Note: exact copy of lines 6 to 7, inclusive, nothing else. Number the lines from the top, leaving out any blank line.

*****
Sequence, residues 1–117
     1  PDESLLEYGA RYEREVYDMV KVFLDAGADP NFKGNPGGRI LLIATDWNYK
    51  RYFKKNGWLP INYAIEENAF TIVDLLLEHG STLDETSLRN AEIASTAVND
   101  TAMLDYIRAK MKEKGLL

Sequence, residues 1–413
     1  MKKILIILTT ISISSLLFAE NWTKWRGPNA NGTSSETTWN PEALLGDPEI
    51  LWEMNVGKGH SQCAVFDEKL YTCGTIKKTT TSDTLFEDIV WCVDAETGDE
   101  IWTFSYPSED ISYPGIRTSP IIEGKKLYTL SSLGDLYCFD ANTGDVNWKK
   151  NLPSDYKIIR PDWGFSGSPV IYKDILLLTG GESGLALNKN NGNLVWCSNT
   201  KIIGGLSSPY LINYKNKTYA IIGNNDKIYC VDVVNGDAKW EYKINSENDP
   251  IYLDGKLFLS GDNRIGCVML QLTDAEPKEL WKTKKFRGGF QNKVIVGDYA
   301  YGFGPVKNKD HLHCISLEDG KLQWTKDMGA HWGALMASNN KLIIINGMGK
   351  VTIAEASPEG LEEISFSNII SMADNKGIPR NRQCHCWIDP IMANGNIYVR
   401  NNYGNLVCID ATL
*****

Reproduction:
     1  MKKILIILTT ISISSLLFAE NWTKWRGPNA NGTSSETTWN PEALLGDPEI
    51  LWEMNVGKGH SQCAVFDEKL YTCGTIKKTT TSDTLFEDIV WCVDAETGDE